Researchers who examine the data are accepting that abortion may deeply affect at least some of those who choose it.While there is disagreement over the degree to which Post Abortion Syndrome (PAS) exists, even pro-abortion researchers admit that at least some women are negatively affected by abortion.
- Many women were found to have psychiatric disorders that were less severe than acute PAS.
- Those women who do experience psychological problems tend to be women with a prior history of depression.
- This is seen as evidence of the need for abortion providers to provide better screening and counseling.
- Dr Julia Faed of NZ testified that abortion is not recommended when a woman has reactive depression.
- Abortion providers who do not screen their patients risk greater liability in malpractice suits.
The arguments for and against an official post-abortion syndrome diagnosis will no doubt continue but those who examine the data are accepting that abortion deeply affects at least some of those who choose it.
A research team, led by Dr. Brenda Major, diagnosed PAS among 1.4 percent of a sample of women who had abortions two years previously.
Many women in the study reported psychiatric disorders that are less severe than acute PAS. Twenty percent of the women in Major's study experienced clinical depression. Also, when asked if they would do it all over again, 31 percent reported that they would not have chosen abortion or were uncertain.
Major's research team focused on the absence of problems among the majority of post-abortive women. They concluded that: "most women do not experience psychological problems or regret about their abortion two years post-abortion, but some do. Those who do, tend to be women with a prior history of depression."
Prior psychological problems are more likely to be made worse by abortion, not better.Dr David Reardon of the Elliot Institute says: "... this study shows that abortionists should be screening for a history of depression. It also confirms a large body of earlier research that shows that prior psychological problems are more likely to be made worse by abortion, not better."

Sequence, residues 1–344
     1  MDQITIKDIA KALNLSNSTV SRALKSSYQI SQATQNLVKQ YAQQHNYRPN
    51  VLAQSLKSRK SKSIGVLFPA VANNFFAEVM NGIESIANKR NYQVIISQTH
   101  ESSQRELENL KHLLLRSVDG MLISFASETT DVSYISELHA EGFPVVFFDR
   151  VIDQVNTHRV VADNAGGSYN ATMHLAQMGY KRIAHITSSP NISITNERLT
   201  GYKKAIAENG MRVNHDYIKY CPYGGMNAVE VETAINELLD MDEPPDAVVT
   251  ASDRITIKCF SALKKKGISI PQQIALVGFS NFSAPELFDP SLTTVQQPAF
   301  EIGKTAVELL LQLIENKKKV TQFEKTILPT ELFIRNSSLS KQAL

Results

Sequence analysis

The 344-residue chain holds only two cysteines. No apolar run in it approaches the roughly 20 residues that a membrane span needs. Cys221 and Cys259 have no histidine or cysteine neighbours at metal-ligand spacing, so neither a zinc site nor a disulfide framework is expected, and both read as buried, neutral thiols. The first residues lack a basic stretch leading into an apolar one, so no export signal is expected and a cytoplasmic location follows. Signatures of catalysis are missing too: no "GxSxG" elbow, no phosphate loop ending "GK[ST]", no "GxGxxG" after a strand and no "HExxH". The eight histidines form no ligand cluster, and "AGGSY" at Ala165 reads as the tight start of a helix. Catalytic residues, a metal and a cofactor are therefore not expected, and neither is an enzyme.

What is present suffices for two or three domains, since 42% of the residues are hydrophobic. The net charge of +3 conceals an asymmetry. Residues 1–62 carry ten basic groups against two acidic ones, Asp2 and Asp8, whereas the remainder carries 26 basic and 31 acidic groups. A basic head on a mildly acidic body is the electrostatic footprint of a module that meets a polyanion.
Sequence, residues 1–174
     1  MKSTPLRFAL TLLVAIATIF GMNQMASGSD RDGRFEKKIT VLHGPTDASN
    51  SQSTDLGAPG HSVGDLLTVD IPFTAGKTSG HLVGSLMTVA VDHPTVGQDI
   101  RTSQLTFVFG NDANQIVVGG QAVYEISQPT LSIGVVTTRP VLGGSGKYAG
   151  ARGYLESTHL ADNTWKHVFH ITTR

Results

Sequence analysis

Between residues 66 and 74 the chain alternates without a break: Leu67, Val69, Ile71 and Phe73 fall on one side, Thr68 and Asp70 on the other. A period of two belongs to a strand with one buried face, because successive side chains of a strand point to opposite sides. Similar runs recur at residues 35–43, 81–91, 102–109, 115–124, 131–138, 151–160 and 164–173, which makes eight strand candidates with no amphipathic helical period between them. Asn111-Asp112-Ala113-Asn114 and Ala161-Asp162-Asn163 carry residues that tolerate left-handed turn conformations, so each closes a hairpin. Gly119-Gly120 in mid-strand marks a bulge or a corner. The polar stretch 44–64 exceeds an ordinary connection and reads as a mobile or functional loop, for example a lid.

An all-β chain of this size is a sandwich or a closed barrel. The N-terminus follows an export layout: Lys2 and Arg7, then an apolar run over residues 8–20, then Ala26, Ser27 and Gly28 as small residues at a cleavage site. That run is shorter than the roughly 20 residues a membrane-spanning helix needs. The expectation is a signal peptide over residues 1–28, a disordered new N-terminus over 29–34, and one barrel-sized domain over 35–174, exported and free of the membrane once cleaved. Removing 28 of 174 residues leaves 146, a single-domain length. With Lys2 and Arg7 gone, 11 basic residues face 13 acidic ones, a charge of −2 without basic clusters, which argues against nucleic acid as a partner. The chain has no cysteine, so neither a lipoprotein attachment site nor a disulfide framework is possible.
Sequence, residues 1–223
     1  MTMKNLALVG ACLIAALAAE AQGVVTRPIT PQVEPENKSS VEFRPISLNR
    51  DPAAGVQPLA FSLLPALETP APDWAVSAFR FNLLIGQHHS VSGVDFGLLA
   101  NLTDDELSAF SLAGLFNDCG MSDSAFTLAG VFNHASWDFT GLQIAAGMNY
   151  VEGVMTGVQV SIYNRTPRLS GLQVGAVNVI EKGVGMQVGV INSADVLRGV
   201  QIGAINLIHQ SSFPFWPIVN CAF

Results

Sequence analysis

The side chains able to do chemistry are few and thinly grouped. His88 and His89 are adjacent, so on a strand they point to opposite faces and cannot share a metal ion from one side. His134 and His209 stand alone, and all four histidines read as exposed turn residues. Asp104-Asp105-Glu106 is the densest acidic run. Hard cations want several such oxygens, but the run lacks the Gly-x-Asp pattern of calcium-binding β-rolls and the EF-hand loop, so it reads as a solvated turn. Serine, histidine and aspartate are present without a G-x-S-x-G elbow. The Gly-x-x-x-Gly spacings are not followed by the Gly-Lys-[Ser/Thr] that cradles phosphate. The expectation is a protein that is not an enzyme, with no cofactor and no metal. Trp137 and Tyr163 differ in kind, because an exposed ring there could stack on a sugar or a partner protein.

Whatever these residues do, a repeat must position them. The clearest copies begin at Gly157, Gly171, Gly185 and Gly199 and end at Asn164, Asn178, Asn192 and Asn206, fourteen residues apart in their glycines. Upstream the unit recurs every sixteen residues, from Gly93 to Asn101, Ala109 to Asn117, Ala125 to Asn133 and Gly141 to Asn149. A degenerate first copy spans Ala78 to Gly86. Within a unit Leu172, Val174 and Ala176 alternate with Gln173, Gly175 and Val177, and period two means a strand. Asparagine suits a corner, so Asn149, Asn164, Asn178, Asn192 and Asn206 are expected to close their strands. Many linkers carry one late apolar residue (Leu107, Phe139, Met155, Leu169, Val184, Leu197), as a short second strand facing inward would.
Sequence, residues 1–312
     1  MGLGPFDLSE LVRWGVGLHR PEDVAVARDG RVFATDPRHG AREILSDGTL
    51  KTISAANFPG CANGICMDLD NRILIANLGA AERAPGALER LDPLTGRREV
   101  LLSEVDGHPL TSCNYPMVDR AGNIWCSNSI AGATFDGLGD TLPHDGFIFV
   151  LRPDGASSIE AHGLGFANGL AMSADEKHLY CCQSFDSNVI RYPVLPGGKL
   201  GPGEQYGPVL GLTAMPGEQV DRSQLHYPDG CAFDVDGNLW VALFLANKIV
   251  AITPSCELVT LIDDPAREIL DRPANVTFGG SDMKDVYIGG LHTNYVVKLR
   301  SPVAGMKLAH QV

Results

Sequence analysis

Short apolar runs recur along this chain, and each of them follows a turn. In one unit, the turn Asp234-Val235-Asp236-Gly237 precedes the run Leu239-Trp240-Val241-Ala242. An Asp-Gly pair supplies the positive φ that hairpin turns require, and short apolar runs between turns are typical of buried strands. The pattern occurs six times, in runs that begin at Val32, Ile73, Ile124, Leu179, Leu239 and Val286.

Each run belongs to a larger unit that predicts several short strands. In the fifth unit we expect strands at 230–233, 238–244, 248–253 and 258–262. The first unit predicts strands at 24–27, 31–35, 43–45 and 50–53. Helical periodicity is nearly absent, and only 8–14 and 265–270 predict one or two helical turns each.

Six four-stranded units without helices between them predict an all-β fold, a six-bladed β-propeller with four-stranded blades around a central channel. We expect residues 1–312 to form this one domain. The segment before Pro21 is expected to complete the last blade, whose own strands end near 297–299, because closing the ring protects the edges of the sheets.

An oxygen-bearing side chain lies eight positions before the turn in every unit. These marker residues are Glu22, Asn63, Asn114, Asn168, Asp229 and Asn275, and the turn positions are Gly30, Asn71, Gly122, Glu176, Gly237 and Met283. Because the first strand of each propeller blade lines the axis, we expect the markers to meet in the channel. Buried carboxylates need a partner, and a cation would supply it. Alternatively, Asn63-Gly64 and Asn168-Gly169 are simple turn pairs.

Founded in 1988, the Elliot Institute is a non-profit organisation dedicated to research, education and outreach regarding the effects of abortion on women, men, families and society. David C. Reardon, who founded and directs the Elliot Institute and is a leading opponent to abortion, has been on the forefront of post-abortion research since 1982.
Depression: A Contra-indication for Abortion
Dr Julia Faed, a clinical psychologist of Dunedin New Zealand, gave expert evidence in the Christchurch High Court in 1992 that reactive depression was a contra-indication for abortion (abortion is not recommended when there is depression).
She stated that the correct treatment for reactive depression was counselling or, if necessary, medication, and for severe reactive depression, hospitalisation.
Dr Faed, formerly a lecturer at the Otago Medical School, gave documented evidence from the international literature of her profession to corroborate her evidence.
A Psychological Price is Paid
Dr. Julius Fogel, a pro-abortion psychiatrist and obstetrician who has performed 20,000 abortions, expressed deep concern over the effects of abortion on the mother. He stated:
"Abortion is an impassioned subject. . . . Every woman--whatever her age, background, or sexuality--has a trauma at destroying a pregnancy. A level of humanness is touched.
"This is a part of her own life. She destroys a pregnancy, she is destroying herself. There is no way it can be innocuous. One is dealing with the life force.
"It is totally beside the point whether or not you think a life is there. You cannot deny that something is being created and that this creation is physically happening. . . .
"Often the trauma may sink into the unconscious and never surface in the woman's lifetime. But it is not as harmless and casual an event as many in the pro-abortion crowd insist.